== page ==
For the more colorful post...
As you all know my Little Poptart ~ Kalya was diagnosed with Autism. It was on Nov 17, 2007. It still amazes me that I remember that date so exact yet I can’t remember what the hell I did last week. Anyway… we, like so many others in New Jersey, were referred by her amazing pediatrician Dr. Mabagos to Early Intervention. At that time Kayla was only saying DaDa and Dr. J (as Kayla calls him) was concerned. We gave it one extra month to see if she would come around, because naturally I blamed her “not speaking thing” on myself.

Finally, we called Early Intervention and they came out to do an initial evaluation. I still remember trying so hard not to cry as they sat there with her on the floor getting her to do different tasks. ”They are so mean, they aren’t giving her long enough to try, they give her the toy and then they rip it away.,” I said to my husband. When it was all done they did recommend us for speech and occupational therapy services through them and that we should also contact Children’s Specialized Hospital for an Autism Evaluation. She was showing some autistic tendencies, such as lining up things, lack of attention, and no eye contact.

(insert mouth drop followed by bad mouthing them after they left)

I waited a day to calm down and then I called. I did a phone screening with a woman from Children’s Specialized. I advised her everything Early Intervention had said, while also defending my daughter’s tendencies. She finally set us up with a prescreening evaluation at the hospital. Kayla sat with another woman who did the same kind of testing Early Intervention did with giving simple commands with toys to see if she would follow the directions, or show any interest in them. She almost passed us through as a “normal” 2 year old, but out of no where I spoke up regarding some of her behaviors.

Behaviors now that I can’t even really remember. Most of the early days are plagued with feelings of utter disappointment in myself that I wasn’t a good enough mother, not doing enough for her, not affectionate enough, didn’t play enough with her, etc. I had no idea what I was doing. This was my first child, and I felt very much alone, angry and exhausted. We now realize I should have been seen for post partum depression.

We live and learn.

Because of my concerns, the Children’s Specialized hospital counselor decided to send us on for the official team evaluation. There we met with several therapists that studied Kayla for hours, asked us a gazillion questions, and then came back in to meet with us. With a mild upbeat manner, the team coordinator advised us…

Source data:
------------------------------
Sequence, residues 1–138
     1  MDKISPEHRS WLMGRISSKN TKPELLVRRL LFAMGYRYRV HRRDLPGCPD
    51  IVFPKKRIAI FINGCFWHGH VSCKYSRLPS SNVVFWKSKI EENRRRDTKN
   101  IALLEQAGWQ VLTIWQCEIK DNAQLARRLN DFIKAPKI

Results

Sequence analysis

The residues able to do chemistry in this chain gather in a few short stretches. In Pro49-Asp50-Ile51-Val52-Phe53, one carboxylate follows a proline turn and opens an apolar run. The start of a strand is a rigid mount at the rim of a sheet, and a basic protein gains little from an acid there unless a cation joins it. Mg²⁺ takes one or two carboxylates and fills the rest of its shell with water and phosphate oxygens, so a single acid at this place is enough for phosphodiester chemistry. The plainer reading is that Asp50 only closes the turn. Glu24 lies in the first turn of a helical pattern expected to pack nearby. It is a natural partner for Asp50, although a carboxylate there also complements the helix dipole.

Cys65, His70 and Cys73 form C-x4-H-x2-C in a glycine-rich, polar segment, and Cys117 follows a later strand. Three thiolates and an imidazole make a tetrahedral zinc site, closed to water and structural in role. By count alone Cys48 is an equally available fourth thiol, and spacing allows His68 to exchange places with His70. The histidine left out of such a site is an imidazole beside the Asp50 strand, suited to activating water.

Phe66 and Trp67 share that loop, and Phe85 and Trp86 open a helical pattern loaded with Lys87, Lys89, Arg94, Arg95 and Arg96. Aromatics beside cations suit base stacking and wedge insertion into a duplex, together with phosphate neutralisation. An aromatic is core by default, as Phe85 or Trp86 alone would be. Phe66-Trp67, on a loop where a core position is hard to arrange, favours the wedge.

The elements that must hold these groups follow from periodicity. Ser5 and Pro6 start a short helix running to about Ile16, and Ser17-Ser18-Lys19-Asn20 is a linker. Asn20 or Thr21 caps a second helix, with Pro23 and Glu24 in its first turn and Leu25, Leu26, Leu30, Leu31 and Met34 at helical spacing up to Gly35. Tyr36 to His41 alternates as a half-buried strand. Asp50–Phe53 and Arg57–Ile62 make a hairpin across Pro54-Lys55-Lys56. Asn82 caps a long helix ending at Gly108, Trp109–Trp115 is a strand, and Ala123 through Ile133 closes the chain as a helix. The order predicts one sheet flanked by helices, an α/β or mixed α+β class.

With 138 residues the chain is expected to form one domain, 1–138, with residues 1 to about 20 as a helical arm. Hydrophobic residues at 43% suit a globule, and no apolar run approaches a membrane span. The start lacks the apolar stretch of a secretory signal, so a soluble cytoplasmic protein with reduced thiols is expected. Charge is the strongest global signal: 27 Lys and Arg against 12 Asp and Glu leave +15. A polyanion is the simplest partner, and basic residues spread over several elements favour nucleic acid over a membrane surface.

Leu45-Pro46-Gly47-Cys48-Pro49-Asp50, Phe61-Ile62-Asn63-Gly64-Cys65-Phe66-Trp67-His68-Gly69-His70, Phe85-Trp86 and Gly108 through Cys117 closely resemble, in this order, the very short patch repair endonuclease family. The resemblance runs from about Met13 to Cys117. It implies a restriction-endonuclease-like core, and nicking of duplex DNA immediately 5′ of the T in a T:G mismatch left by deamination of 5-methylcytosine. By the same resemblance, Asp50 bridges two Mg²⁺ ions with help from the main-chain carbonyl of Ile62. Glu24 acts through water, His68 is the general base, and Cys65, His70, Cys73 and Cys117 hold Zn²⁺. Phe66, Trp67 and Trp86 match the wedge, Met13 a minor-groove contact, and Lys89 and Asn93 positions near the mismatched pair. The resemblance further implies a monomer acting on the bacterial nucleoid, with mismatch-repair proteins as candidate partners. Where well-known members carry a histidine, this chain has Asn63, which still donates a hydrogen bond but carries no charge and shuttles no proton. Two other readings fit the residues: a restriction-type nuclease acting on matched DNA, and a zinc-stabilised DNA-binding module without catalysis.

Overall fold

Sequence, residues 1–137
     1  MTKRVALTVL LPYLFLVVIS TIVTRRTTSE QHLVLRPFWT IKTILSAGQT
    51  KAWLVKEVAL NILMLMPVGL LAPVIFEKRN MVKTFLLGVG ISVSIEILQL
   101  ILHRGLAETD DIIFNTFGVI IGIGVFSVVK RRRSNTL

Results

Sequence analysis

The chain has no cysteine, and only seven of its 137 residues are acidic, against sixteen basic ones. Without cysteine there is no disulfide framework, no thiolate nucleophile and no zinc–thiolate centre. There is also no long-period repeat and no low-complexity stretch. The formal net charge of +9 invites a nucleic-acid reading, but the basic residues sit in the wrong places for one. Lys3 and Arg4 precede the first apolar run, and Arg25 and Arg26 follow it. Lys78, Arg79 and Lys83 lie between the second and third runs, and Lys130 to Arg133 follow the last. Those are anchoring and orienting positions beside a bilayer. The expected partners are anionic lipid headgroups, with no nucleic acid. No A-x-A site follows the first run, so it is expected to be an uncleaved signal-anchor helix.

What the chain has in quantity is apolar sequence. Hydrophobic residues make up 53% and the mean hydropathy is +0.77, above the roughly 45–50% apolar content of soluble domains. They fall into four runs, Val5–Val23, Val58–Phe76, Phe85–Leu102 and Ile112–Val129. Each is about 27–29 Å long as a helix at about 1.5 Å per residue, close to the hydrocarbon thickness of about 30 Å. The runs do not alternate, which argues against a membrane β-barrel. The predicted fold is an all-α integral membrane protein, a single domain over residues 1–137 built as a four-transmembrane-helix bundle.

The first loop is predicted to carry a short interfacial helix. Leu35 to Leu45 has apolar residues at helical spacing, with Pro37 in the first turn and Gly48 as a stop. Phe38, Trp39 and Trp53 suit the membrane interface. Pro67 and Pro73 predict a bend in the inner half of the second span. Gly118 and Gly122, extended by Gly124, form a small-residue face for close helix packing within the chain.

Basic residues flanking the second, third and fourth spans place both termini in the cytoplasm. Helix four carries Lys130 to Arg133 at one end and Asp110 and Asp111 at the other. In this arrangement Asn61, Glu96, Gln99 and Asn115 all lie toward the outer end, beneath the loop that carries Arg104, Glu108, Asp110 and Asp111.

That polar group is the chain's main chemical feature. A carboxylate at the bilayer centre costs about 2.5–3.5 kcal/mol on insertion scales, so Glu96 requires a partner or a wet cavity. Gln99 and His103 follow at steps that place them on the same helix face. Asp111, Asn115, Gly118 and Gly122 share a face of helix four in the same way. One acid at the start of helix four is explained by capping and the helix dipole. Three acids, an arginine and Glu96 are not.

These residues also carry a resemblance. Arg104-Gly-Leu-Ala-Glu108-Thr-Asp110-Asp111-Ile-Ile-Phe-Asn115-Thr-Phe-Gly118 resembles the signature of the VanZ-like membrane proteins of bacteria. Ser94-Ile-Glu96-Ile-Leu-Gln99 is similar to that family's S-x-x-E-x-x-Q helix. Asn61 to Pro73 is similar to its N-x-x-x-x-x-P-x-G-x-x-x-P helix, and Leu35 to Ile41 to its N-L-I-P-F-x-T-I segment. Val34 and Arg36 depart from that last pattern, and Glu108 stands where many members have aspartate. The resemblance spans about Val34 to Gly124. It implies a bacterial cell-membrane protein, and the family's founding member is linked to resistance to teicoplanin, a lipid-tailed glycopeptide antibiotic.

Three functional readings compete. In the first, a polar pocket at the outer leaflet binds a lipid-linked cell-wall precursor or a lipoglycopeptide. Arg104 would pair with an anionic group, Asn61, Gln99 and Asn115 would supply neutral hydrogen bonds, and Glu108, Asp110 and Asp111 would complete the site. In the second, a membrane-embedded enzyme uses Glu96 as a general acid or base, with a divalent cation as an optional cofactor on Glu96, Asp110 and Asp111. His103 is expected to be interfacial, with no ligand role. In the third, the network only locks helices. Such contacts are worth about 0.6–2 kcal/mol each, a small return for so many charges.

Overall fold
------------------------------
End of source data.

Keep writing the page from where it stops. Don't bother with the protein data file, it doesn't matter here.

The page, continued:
“We are going to go ahead and diagnois her with Autism Spectrum Disorder.”

I thought my heart was going to jump out of my chest or that I was having a heart attack. The tears were right there, along with a massive lump in my throat. I wasn’t going to be able to hold back anymore, and at the moment I opened my mouth to ask my first question the tears began falling. At that time all I knew of Autism, as with so many other parents, is of the child sitting in the corner banging their head against a wall. The therapist advised that those are the most extreme cases. I was very lucky, they said Kayla is very low spectrum and they were going to set us up with occupational therapy and speech. I took the rest of that day to process, and cry. Then I was on the phone the very next day making appointments. I, to everyones surprise, had her in the very next week. We were blessed with Ms. Elke and Ms. Patty at Children’s Specialized in Toms River, who not only helped teach Kayla, but also was there for me as well. They listened to me, they talked to me and they taught me what I needed to know so that I could carry over the therapy at home, which would make a great impact on beating this. In addition the sessions at Children’s Specialized, she still had the early intervention coming into the house until she turned 3 and was then transferred to a special preschool program at our public school. There we were blessed with Mrs. Kasper who was the sweetest thing ever. Her and Kayla made such a connection and she was able to teach her so much. Kayla says she wants to be a teacher like Mrs. Kasper when she grows up.

I see now why the team coordinator at Children’s Specialized was not sad by giving us the diagnosis. Because of that diagnosis we were able to get all the right kind of help and so much of it. Kayla has come so very far from where she was. She is always laughing, playing, singing, dancing, smiling, and, I am pleased to say is now more than making up for her delayed speech in the past. She is a total social butterfly who is currently transitioning into kindergarden, is reading at a 3rd grade level and loves helping me cook and keep daddy and our four cats in line.

Thank you so very much to all of Kayla’s teachers and therapists as well as to ALL of the men and women who are out there making it their life mission to help in changing the lives of our children and ourselves so that Autism won’t beat us.

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Comment by Kelli on April 1, 2011 at 1:15pm
Thank you so much Reanaclaire =)
Comment by Reanaclaire on April 1, 2011 at 4:46am

Thanks for sharing your post here with us..


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